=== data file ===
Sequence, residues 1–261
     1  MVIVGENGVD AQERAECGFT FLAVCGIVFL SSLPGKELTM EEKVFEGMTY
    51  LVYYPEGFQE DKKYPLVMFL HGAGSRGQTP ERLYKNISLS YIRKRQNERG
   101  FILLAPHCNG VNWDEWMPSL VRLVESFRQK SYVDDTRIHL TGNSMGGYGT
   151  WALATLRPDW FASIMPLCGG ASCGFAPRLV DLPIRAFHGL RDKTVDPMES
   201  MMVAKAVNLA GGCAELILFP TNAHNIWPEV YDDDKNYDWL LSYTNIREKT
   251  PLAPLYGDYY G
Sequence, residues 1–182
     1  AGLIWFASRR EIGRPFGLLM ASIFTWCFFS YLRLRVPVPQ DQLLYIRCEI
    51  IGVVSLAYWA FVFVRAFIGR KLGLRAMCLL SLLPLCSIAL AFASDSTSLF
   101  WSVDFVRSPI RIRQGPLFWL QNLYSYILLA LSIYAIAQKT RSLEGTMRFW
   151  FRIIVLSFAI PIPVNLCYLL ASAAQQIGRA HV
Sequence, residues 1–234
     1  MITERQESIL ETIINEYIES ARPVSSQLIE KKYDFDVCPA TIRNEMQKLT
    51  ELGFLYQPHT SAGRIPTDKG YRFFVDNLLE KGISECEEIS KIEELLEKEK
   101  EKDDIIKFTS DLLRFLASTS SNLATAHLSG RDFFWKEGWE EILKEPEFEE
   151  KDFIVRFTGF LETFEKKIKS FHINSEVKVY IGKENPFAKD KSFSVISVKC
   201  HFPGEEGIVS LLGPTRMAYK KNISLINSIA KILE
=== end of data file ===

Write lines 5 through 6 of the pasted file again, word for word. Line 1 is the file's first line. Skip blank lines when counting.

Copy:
   151  WALATLRPDW FASIMPLCGG ASCGFAPRLV DLPIRAFHGL RDKTVDPMES
   201  MMVAKAVNLA GGCAELILFP TNAHNIWPEV YDDDKNYDWL LSYTNIREKT